But imagine if we did – what if you could elect someone who genuinely represented your true views about the way you want the world to be?

Why they want us beFUDdled …

Have you ever wondered why governments and the mainstream media are always so keen to spread fear, uncertainty and doubt by reminding us how much danger we are in, everywhere and every day?

Whether that’s from ‘a massive influx’ of refugees, or being ‘swamped’ by immigrants from other parts of the EU (substitute other neighbouring state if you’re not from the UK); from drugs gangs or wildfires or just people of some other religion; or from the latest ‘unstoppable’ health pandemic (that mysteriously stops almost overnight – or at least doesn’t get reported any more).  Or any one of dozens of things that we are told could harm us / kill us / ‘destroy our way of life’.

Because their mates in the Military Industrial Complex want to sell them more tanks and guns and missiles, right?

Well, no, not really.  Or perhaps I mean ‘not only’ – that is certainly one of their objectives.

But there’s a far bigger reason why propagating an atmosphere of fear is good for those who seek to control us.

Physiologically, there is a big effect that fear has on us: it puts us into “Fight or Flight” mode.  As well as diverting resources away from our organs to our extremities – the bits we need to either hit people or run away – it also closes down our finer reasoning ability.

There’s a good evolutionary reason behind that: we really don’t want to be having an internal debate about that sabre-toothed tiger’s intentions towards us, and whether we might be able to avoid conflict if we talk to it nicely.  We just want to – need to – either lop off its head, or leg it! Any other thought process is redundant until the threat (feeling of fear) has passed.

And there’s a good political reason behind ‘our masters’ wanting us to be constantly afraid: it stops us getting wise to what they are up to.

When we are in a state of constant fear (or uncertainty, or doubt), our critical thinking is impaired, and we don’t see what is going on.  We don’t notice our rights being slowly eroded, in the guise of protecting us from what they have made us fear.  We don’t see the subtle (and not-so-subtle) diversion of our tax money to their mates in the arms and drugs companies.  We don’t realise that our economies are being slowly undermined by fake ‘money’ that is nothing more than bits and bytes in a computer programme.  And we don’t see that cash is steadily being outlawed – and it’s the only way we get to operate outside of the electronic net (hmmm, interesting use of language there) they have us all tangled up in.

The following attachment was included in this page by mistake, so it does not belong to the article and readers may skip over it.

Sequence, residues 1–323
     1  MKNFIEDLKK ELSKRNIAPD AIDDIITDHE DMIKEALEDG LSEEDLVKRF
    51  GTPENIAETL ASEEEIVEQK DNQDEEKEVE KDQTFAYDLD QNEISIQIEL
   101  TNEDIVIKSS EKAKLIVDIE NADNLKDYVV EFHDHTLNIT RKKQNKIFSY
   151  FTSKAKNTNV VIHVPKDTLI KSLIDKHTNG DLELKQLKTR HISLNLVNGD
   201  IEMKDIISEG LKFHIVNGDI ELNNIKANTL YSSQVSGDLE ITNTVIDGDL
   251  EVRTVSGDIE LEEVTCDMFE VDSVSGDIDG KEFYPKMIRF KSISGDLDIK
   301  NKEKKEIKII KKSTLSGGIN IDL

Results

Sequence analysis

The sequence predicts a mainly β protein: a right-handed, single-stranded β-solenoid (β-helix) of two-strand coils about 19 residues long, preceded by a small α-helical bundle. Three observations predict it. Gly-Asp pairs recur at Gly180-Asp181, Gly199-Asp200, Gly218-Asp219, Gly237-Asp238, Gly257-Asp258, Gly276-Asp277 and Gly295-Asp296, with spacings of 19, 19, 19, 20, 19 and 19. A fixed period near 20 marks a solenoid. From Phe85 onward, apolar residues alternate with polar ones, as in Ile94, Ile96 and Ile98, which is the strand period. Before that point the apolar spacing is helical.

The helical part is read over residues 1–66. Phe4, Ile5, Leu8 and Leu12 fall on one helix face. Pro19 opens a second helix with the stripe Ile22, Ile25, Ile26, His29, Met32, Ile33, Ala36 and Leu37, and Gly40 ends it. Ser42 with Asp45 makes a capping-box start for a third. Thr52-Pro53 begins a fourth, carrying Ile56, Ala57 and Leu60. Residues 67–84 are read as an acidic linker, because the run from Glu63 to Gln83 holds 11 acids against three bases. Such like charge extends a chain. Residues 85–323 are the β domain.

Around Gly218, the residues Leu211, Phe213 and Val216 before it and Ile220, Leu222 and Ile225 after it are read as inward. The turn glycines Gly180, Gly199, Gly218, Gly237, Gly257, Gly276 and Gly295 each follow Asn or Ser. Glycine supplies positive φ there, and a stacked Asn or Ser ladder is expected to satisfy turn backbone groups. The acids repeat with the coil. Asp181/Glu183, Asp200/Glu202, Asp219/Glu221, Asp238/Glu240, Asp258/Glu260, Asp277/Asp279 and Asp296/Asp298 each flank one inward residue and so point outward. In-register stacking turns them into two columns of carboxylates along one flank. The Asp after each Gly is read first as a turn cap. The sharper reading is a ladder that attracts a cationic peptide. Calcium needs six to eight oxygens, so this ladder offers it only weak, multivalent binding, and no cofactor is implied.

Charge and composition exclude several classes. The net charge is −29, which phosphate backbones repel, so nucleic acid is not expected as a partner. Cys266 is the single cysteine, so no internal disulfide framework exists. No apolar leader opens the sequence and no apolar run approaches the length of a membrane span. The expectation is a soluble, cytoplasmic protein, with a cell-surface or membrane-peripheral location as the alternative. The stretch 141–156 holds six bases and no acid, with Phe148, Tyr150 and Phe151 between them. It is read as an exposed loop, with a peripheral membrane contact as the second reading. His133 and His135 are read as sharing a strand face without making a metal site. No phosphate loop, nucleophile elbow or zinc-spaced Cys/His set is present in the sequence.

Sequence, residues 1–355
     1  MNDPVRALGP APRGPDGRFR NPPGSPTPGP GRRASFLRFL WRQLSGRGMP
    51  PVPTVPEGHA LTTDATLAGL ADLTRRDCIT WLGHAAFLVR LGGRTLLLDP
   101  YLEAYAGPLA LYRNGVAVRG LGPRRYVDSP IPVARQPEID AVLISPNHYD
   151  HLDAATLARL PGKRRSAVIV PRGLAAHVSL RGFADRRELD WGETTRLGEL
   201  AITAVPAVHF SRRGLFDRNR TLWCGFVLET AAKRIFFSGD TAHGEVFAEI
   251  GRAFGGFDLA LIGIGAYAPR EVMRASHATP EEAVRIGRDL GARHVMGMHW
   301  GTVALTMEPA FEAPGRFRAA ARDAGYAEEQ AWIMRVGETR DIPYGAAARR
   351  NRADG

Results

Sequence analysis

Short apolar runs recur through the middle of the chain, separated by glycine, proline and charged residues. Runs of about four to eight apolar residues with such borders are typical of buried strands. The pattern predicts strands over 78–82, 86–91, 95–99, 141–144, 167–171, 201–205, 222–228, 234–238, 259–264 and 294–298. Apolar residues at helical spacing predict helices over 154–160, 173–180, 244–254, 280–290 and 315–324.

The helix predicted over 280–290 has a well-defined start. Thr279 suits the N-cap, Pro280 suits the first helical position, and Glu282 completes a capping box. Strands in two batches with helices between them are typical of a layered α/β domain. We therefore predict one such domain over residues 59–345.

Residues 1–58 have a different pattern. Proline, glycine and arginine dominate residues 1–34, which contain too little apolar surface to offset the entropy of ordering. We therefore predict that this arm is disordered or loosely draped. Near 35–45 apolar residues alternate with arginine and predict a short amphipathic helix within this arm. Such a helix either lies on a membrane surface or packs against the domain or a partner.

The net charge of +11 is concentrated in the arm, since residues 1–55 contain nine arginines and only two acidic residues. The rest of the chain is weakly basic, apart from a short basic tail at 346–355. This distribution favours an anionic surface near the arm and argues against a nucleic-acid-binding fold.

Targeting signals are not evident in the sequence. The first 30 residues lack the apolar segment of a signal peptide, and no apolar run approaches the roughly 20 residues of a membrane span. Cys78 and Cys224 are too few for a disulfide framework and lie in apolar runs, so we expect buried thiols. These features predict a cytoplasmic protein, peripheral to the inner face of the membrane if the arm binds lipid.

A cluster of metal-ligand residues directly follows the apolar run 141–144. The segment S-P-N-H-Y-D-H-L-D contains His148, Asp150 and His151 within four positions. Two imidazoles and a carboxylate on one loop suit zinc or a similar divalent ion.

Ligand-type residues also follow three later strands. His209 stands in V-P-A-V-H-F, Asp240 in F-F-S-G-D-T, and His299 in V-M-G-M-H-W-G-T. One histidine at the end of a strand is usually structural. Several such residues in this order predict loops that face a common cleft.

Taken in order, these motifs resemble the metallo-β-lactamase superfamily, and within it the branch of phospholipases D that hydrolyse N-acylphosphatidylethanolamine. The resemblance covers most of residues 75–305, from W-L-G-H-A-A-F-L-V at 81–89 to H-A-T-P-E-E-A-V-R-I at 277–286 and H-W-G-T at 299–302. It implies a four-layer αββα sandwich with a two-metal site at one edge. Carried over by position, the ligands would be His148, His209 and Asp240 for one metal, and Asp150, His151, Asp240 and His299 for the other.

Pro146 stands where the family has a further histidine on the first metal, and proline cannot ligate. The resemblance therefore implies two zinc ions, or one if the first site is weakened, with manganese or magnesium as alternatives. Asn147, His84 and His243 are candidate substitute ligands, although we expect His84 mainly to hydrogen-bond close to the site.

The simple reason fear, uncertainty and doubt is so valuable to those who seek to govern us, is that it stops us thinking straight!

Has technology been holding us back?

I was participating today in an Access Consciousness vision body process class, and we were discussing how maybe being issued with glasses was making our eyes lazy, relying on the corrective lenses rather than strengthening their own ability to correct weakness.  That got me thinking about all the other tech we have come to rely on, to help us do stuff we don’t think we can do without it.

What if all this tech as actually just getting in the way of us finding more natural, innate ways to do what we have turned to tech for?

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Why “to the seven billionth power”?

It’s simple really. With seven billion of us here sharing planet earth, everything any one of us does has the opportunity to impact, directly or indirectly, any one of the other seven billion.

Each action affects those around us, and cannot help but affect the actions they take – maybe only in small ways, maybe greatly.  And each of their actions affect those around them. Actions squared.  And theirs affect the next layer.  Actions cubed.  Then actions to the fourth power … and 5th, 6th, 7th, … all the way up to the 7 billionth power.

Nothing we do, think or say in life is insignificant; everything has the potential to go the to 7bnth power.  Life 7bn

This site is where I share my more far-out musings and ponderings on how we create a world that is more compassionate, more effective, and more fun to live in.  Feel free to challenge anything I post – the deeper the conversations go, the more chance we have of changing the world.

Continue reading “Why “to the seven billionth power”?”